Vadivelu Of The Tanjavur Quartet: A Highly Praised Violinist

Vadivelu was the youngest of the four brothers of a nattuvanar family who became known and famous as the Tanjavur Quartet. He was born in 1810. Like his brothers Chinniah, Ponniah and Sivanandam, he enjoyed great prestige and royal patronage because of his tremendous expertise in the intricacies and nuances of the arts of music and dance and in composing songs. Vadivelu was a student of Muthuswami Dikshitar.

He learnt to play the violin from a European padre by the name of Schwartz. He often played and demonstrated to Dikshitar the Western tunes he had learnt from the Western musicians' group attached to the Tanjavur Palace. Dikshitar. pleased by and proud of his disciple's accomplishment, even composed some songs in Sanskrit in the Western tunes Vadivelu had learnt to play.

There were few who were not amazed by Vadivelu"s adept violinplaying. He enjoyed a close friendship with Tyagaraja and there is evidence to indicate Tyagaraja himself felt captivated by the sweet sound of music emanating from Vadivelu's violin. Several times he himself asked Vadivelu to accompany him whilst he sang. Vadivelu. of course, felt it was a great privilege to do so. Vadivelu used to sing the songs composed by him for Tyagaraja. T h e great master rarely paid compliments or nodded his head in approval when he heard a new composition by anyone. But when he heard Vadivelu's Telugu padam Na swamy ika na meecia dhava juia rada, in the raija Poorvikalyani. his pleasure was unbounded and he offered quick praise. When he was 18 years old, Vadivelu had made the acquaintance of Veena Kuppier, a great musician and a composer, at the house of one Sama Naicker in Madras.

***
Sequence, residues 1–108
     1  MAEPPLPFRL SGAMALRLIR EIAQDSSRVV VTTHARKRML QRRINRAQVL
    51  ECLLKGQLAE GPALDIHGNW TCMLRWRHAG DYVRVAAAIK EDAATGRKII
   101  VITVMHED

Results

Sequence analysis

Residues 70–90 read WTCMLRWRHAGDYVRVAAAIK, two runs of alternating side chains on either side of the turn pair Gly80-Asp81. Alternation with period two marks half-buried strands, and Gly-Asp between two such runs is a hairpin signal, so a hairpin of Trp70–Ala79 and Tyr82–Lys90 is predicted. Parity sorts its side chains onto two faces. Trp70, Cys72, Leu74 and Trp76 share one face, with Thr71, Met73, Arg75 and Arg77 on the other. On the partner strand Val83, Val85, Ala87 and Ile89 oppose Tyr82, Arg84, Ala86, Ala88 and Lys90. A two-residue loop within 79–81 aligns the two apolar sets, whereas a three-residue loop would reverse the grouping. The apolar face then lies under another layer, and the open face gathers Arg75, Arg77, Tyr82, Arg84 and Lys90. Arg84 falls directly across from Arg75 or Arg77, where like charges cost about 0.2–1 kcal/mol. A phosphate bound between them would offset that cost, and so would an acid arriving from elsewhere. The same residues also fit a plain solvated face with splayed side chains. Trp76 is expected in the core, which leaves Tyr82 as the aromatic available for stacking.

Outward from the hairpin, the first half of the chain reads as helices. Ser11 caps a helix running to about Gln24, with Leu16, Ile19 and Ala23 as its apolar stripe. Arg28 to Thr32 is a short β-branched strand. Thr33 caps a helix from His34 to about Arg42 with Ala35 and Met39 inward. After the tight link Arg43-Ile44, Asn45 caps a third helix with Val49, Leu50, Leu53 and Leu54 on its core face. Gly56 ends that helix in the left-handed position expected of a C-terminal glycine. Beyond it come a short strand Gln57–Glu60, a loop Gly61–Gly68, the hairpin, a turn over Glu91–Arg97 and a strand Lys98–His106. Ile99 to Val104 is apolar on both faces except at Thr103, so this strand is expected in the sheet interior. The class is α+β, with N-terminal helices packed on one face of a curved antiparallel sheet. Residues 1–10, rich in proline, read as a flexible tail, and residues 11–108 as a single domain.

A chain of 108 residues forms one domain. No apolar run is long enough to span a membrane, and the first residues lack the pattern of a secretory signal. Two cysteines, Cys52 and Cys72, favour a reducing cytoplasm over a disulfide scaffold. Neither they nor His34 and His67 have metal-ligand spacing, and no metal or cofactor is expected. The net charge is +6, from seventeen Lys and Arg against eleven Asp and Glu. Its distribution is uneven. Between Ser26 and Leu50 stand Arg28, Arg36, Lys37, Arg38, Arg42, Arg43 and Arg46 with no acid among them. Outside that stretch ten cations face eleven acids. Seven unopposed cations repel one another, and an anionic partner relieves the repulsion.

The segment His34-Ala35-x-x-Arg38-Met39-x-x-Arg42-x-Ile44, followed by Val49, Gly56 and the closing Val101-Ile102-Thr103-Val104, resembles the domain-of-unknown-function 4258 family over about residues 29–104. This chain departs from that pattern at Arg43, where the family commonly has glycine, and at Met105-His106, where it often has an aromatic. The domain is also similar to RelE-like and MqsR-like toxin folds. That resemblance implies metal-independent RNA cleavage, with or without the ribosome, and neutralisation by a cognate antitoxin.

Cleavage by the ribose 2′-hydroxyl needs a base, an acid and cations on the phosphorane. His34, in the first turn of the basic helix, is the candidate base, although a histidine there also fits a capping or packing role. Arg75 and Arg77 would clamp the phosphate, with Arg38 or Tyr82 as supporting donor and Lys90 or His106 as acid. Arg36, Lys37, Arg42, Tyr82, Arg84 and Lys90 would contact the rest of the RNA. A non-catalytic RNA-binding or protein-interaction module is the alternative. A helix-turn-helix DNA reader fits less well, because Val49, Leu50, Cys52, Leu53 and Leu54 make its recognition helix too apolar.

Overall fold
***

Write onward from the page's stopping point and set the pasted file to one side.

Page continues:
Kuppier used to perform sitting on a chair-like platform — known in Tamil as kathilodu'. Later, filled with wonder and pleasure by Vadivelu's violinplaying. Kuppier presented the unique platform to the younger man and altogether gave up sitting on a raised platform at his kutcheries. Vadivelu possessed of great self-confidence as well as a streak of obstinacy. There was an occasion once when he and his brothers had to reiterate and insist on the protection of the rights and privileges they had at the big temple in Tanjavur. As a result of this encounter, the ruler banished them from the city. Protesting this move. Vadivelu and his brothers left the kingdom itself. They refused the ruler's entreaties to return to the city and the court. At that time, the kingdom of Travancore was ruled by Swat" Tirunal. Knowing that the art of dance flourished in the Chola and Pandya countries, the Chera king wanted to foster it in his country also. Towards this end. he invited to his court several artists from Tanjavur. Aggrieved as they were by the Tanjavur king's action and attitude.

Vadivelu and his brothers accepted an invitation extended by Swati Tirunal and went to Trivandrum in 1K30. There they became artists of the court. Swati Tirunal. impressed by Vadivelu's accomplishments, accepted the latter as an intimate associate as well. Vadivelu's knowledge of and skills in music were of great help to Swati Tirunal in his own creative endeavours in composing songs. T h e dean of the artists in Swati Tirunal's court was Noorcni Parameswara Bhagavatar. He had great regard for the musical acumen and expertise of the young man from Tanjavur.